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After the pandemic, Italian design celebrates the return to nature

>>A house revisited by Italian design
>>After the COVID-19 pandemic, Milan once again becomes the mecca of design

Visitors in front of Italian company Annibale Colombo’s outdoor collection at the Milan Furniture Fair on June 8.

Photo: AFP/VNA/CVN

Durable and precious woods, recyclable aluminium, pastel or natural colours, noble materials, rounded or refined shapes… Garden furniture is upmarket. Gone are the dull and rough plastics, replaced by more fluid fabrics.

“The boundaries between inside and outside are now totally erased, a process already underway that has experienced an incredible acceleration in the last two years”comments Maria Porro, President of the Furniture Fair.

Outdoor enthusiasts “are looking for the same comfort on the outside that they are used to on the inside, and textiles that are as pleasant to the touch, softer, more flexible and less technological” than in the past, she notes.

holiday tune

Lounge chairs with canopy from the Atmosphera brand at the Milan Furniture Fair on June 8.

Photo: AFP/VNA/CVN

A holiday air wafts over the stands displaying garden furniture in lush vegetation settings combining trees, exotic plants and synthetic turf. Visitors slump on deckchairs, test the armchairs and touch the fabrics.

“There is a boom in sales of outdoor furniture”which occurred in the wake of the coronavirus pandemic, assures Davide Gallo, export sales director of the Italian company Atmosphera.

“People realized that the safest place to invite friends was at home. Instead of going on vacation, they invested in outdoor furniture”he observes.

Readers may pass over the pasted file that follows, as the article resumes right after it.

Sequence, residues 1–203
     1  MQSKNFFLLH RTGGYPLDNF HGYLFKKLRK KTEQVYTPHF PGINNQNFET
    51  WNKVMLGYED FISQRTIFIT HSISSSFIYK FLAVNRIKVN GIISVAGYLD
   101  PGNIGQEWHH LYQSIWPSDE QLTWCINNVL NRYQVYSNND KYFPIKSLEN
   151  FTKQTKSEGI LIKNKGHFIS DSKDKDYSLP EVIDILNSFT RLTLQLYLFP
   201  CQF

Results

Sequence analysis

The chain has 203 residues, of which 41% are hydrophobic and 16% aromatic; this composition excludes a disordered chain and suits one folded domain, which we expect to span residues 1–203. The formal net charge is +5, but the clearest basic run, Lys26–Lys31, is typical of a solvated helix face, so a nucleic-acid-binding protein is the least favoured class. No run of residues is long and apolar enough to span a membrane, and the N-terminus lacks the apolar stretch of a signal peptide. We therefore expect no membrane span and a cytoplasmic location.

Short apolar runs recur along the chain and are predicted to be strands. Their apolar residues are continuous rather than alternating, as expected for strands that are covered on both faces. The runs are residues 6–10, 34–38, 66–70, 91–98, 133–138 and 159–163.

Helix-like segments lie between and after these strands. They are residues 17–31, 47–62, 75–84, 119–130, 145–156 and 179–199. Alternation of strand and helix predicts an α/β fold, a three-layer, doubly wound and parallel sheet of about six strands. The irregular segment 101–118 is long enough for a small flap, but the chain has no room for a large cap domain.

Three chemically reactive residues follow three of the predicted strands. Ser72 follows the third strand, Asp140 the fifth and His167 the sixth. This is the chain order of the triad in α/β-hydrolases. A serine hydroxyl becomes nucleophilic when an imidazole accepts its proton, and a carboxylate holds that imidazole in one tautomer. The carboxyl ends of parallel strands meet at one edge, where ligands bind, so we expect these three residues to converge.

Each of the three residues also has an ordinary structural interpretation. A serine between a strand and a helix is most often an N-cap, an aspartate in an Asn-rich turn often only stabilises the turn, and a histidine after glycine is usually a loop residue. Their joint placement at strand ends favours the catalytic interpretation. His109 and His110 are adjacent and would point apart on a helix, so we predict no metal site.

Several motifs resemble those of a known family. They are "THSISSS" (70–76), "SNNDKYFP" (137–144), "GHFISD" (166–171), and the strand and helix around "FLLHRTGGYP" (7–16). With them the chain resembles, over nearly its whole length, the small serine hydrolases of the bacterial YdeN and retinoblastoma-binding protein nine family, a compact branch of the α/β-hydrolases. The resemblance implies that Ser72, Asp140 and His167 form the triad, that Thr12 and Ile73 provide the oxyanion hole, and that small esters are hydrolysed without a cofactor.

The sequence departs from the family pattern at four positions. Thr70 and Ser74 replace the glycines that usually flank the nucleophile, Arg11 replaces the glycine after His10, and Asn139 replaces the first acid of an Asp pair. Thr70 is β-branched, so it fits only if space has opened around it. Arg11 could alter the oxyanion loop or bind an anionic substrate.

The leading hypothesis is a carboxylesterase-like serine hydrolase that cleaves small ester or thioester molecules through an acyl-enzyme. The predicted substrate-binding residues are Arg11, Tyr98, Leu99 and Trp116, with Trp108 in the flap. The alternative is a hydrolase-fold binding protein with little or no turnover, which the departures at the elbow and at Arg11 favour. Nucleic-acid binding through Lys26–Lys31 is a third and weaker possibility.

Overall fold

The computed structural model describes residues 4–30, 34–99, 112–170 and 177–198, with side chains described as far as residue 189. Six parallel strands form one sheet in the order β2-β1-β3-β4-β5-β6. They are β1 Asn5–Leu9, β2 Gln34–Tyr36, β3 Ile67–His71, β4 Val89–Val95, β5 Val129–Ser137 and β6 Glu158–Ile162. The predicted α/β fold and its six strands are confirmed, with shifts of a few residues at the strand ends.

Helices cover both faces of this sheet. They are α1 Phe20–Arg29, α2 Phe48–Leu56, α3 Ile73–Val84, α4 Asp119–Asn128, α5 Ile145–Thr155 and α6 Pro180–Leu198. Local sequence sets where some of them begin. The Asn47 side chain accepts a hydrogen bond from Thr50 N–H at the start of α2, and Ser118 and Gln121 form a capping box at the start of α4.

As a result, the share of outdoor furniture in the turnover of this high-end furniture manufacturer has increased in two years from 50% to 60%.

Not far from the Atmosphera stand, the luxury furniture company Annibale Colombo, founded in 1812 in the Brianza Valley in northern Italy, offers a sofa, armchair and chaise longue collection for both the interior and exterior.

“Many customers buy expensive apartments in the city, with covered terraces, so they can choose between the two versions, indoor and outdoor”argues its CEO, Luciano Colombo.

The only difference is the choice of fabrics and woods. Teak now “not found” according to him due to a shortage that is affecting the entire sector, and iroko wood, very resistant to the sun, rain and cold, is used on the exterior and canaletto walnut on the interior.

The garden, one more room

An outdoor shower by Italian brand Gessi on display at the Milan Furniture Fair on June 8.

Photo: AFP/VNA/CVN

“By dint of being confined at home during the pandemic, we have all longed to reconnect with nature, hence the rush for outdoor furniture”testifies Martina Terragni, interior designer at Flou.

This manufacturer, also based in the Brianza Valley, nicknamed “the Silicon Valley” of furniture, had to increase production, but delivery times became longer with the lack of raw materials, going from five to nine. weeks on average.

The search for fresh air and sunshine has led many households to make outdoor spaces an extension of their homes, an extra room to gain valuable square meters. With the pandemic, they have learned to live outside.

“Our customers want to telecommute outdoors, on the balcony, the terrace, the rooftop or in the garden”explains Rafaela Marelli, communication director of another company based in Brianza, Flexform, whose stand is always full.

The large garden tables or small occasional consoles are, according to her, regularly transformed into offices. Even if the reflection of the sun on the computer could somewhat disturb the idyll of work in the green spaces.

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